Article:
The first remarkable piece of technology in this demo is from Seadragon, founded by Blaise and acquired last year by Microsoft. This part of the technology allows visual information to be smoothly browsed, panned or zoomed regardless of the amount of data involved or the bandwidth of the network. Watch as you zoom from all the pages of an entire book to an individual letter! This part of the technology has obvious applications to maps, but frankly, to any large data space.

The second portion of the technology, and perhaps an even more remarkable part of the demo, marries this part with a means to aggregate multiple images into an interactive, immersive, 3-D whole. This technology, originally developed at the University of Washington, is called Photosynth.

The Photosynth software takes a large collection of photos of a place or an object, analyzes them for similarities, and then displays the photos in a reconstructed three-dimensional space, showing you how each one relates to the next. This software is capable of assembling static photos — in the case of the demo, hundreds of photos of the Notre Dame cathedral publicly available on Flickr — into a synergy of zoomable, navigable, interactive and “immersive” spaces.

This example shows how individual data “objects” sharing a similar tag can be aggregated and put to a use as a new “whole” that is much, much greater than the sum of its parts. It is this kind of emergent quality that gives the promise of the structured Web and the semantic Web its power: much more can be done with linked data than with individual documents.

To better understand the amazing technology behind all of this magic, I recommend the geeks in the crowd check out this earlier and longer (37 min) video on Blaise and his work at Microsoft Live Labs; it is found at the Channel 9 MSDN site.

Thanks to Christian Long and his think:lab blog for first posting about this TED talk.

Posted by AI3's author, Mike Bergman Posted on June 1, 2007 at 11:41 am in Adaptive Information, Semantic Web | Comments (0)
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Posted:May 29, 2007

Donald Knuth's Road SignThe Why, How and What of the Semantic Web are Becoming Clear — Yet the Maps and Road Signs to Guide Our Way are Largely Missing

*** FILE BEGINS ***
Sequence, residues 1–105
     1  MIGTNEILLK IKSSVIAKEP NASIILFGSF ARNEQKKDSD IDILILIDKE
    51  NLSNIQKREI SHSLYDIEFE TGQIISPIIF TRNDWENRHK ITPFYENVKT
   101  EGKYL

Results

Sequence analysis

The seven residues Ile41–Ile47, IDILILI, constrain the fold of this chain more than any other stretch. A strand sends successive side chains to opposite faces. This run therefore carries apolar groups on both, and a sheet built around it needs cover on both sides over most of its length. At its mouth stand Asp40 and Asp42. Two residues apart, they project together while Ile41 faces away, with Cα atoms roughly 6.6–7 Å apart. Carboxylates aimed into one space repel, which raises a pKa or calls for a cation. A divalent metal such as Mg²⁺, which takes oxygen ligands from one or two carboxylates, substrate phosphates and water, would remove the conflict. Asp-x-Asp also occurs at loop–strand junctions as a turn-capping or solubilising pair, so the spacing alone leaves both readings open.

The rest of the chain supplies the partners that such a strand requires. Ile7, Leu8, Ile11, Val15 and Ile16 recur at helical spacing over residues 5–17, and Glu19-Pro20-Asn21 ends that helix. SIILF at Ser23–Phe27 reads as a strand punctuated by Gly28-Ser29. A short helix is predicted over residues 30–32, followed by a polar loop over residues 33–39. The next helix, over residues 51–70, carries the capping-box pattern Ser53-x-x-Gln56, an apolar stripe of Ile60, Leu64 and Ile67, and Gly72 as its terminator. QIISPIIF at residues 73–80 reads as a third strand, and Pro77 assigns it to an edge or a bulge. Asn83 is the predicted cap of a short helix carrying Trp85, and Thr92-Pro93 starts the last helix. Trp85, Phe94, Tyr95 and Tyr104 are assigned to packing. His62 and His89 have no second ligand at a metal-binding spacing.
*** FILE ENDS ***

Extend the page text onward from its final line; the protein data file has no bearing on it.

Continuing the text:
There has been much recent excitement surrounding RDF, its linked data, “RDFizers” and GRDDL to convert existing structured information to RDF. The belief is that 2007 is the breakout year for the semantic Web.

The why of the semantic Web is now clear. The how of the semantic Web is now appearing clear, built around RDF as the canonical data model and the availability and maturation of a growing set of tools. And the what is also becoming clear, with the massive new datastores of DBpedia, Wikipedia3, the HCLS demo, Musicbrainz, Freebase, and the Encyclopedia of Life only being some of the most recent and visible exemplars.

Yet the where aspect seems to be largely missing.

By where I mean: Where do we look for our objects or data? If we have new objects or data, where do we plug into the system? Amongst all possible information and domains, where do we fit?

These questions seem simplistic or elemental in their basic nature. It is almost incomprehensible to wonder where all of this data now emerging in RDF relates to each other — what the overall frame of reference is — but my investigations seem to point to such a gap. In other words, a key piece of the emerging semantic Web infrastructure — where is this stuff — seems to be missing. This gap is across domains and across standard ontologies.

What are the specific components of this missing where, this missing infrastructure? I believe them to be: